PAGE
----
While extremely rare, the disease is still around today, with California reporting its first case in five years this week, a New Mexico man in his 20s dying of the disease earlier this month, and cases cropping up in China this year.
It’s transmitted by fleas that live on rodents and symptoms, which usually appear within one to seven days after infection, include painful, swollen lymph nodes, called bubos, in the groin, armpit or neck areas as well as fever, chills and coughing.
How do you get the plague?
Plague affects humans and other mammals.
Usually, people get the plague after being bitten by a rodent flea carrying Yersinia pestis, the bacterium that causes the disease, or by handling an infected animal, according to the US Centers for Disease Control and Prevention.
Cats, which become sick themselves, can directly infect humans, while hardier dogs may simply carry the fleas back to their owners. People also can become sick by inhaling droplets from the cough of an infected person or animal.
The bacteria persists because low levels circulate among populations of certain rodents, according to the CDC. These infected animals and their fleas serve as long-term reservoirs for the bacteria.
Where can you get the plague?
Plague occurs naturally in rural areas in the western United States, particularly Arizona, California, Colorado and New Mexico. That’s where an average of seven human plague cases are reported each year to the CDC. But significantly more cases occur in parts of Africa and Asia.
From 2010 to 2015 there were 3,248 cases reported worldwide, including 584 deaths, according to the World Health Organization. It said the three most endemic countries are the Democratic Republic of the Congo, Madagascar and Peru.
There are three types of plague — bubonic, septicemic and pneumonic plague. With the pneumonic form of plague — which means it affects the lungs — there is a risk of direct transmission from human to human. That was the case in the large outbreak in Madagascar in 2017, where there were 2,348 confirmed, probable and suspected cases and 202 deaths.
“The plague bacillus is still present in many parts of the world, including the USA, usually amongst rodents such as prairie dogs and marmots in grassland habitats,” Dr. Matthew Dryden told the Science Media Centre in July. Dryden is a consultant microbiologist at the University of Southampton and Public Health England’s Rare and Imported Pathogens Department.
“It occasionally spreads to humans when there is direct contact between infected animals or their fleas and man,” he said.
The last urban plague epidemic in the United States occurred in Los Angeles from 1924 through 1925, the CDC said.
How worried should I be?
Modern antibiotics — streptomycin is the usual first-line treatment — can prevent complications and death if given promptly after symptoms appear. However, a strain of bubonic plague with high-level resistance to streptomycin was seen recently in Madagascar.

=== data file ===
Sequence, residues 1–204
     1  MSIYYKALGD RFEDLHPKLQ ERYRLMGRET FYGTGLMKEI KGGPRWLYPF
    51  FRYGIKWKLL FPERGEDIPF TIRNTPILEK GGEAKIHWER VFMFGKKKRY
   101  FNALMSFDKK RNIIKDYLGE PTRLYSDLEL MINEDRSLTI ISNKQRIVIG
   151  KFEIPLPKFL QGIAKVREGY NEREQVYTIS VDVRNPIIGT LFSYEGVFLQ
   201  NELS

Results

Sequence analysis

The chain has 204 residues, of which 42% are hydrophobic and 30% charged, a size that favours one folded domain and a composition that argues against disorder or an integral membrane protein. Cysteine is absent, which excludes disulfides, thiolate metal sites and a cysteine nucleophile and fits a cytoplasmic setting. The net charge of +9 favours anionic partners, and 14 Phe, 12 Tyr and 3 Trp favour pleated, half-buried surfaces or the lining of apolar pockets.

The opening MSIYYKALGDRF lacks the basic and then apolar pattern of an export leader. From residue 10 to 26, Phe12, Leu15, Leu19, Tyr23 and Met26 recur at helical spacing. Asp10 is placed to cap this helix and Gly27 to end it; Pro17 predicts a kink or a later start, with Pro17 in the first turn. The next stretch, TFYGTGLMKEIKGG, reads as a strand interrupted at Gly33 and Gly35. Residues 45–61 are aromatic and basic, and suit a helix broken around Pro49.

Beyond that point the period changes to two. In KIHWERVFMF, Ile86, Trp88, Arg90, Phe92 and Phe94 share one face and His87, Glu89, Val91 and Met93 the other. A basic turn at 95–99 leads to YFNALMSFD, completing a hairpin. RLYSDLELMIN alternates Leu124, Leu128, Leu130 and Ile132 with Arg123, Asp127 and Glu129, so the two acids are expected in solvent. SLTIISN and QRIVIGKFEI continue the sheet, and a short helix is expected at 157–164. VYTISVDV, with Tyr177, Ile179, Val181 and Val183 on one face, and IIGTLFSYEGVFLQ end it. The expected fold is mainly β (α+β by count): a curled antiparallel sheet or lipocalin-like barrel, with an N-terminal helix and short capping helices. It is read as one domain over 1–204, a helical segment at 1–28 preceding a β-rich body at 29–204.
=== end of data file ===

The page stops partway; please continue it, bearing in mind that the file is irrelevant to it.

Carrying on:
“The risk of transmission to and explosive outbreaks amongst humans, as happened in the Middle Ages and up to the antibiotic era, is very unlikely at present as the bacterium causing plague remains sensitive to antibiotic treatments,” Dryden told the SMC.
“It is important that we use antibiotics appropriately and sparingly to retain the activity of these important drugs.”
The same treatment is used for the two most common types of plague. Bubonic plague has a case-fatality ratio of 30% to 60% when left untreated, while pneumonic plague, when left untreated, is always fatal, according to WHO.
More than 80% of US cases have been the bubonic form, which is the most common form of infection. Untreated bubonic plague can turn into the more serious pneumonic plague, which causes rapidly developing pneumonia after bacteria spread to the lungs.
Is there a vaccine for the plague?
Currently, there is no effective vaccine against the plague. While a live attenuated oral vaccine has shown some promise against pneumonic plague, it does not offer protection against bubonic plague, according to one 2015 study.
A recent review of experimental plague vaccines suggests that researchers are exploring a variety of approaches to develop an effective plague inoculation.
Since different vaccine designs lead to different mechanisms of immunity, the authors conclude that combinations of different types might overcome the limitations of individual vaccines and effectively prevent a potential plague outbreak.
How do you protect yourself and your family?
Key steps for prevention of plague include eliminating nesting places for rodents around your home, sheds, garages and recreation areas by removing brush, rock piles, trash and excess firewood.
Report sick or dead animals to law enforcement or your local health officials; do not pick up or touch them yourself. If you absolutely must handle a sick or dead animal, wear gloves.
If you live in an endemic area, take added precautions. Use insect repellent that contains DEET to prevent flea bites and treat dogs and cats for fleas regularly. Do not sleep with your pets as this increases your risk of getting plague. Finally, your pets should not hunt or roam rodent habitats, such as prairie dog colonies.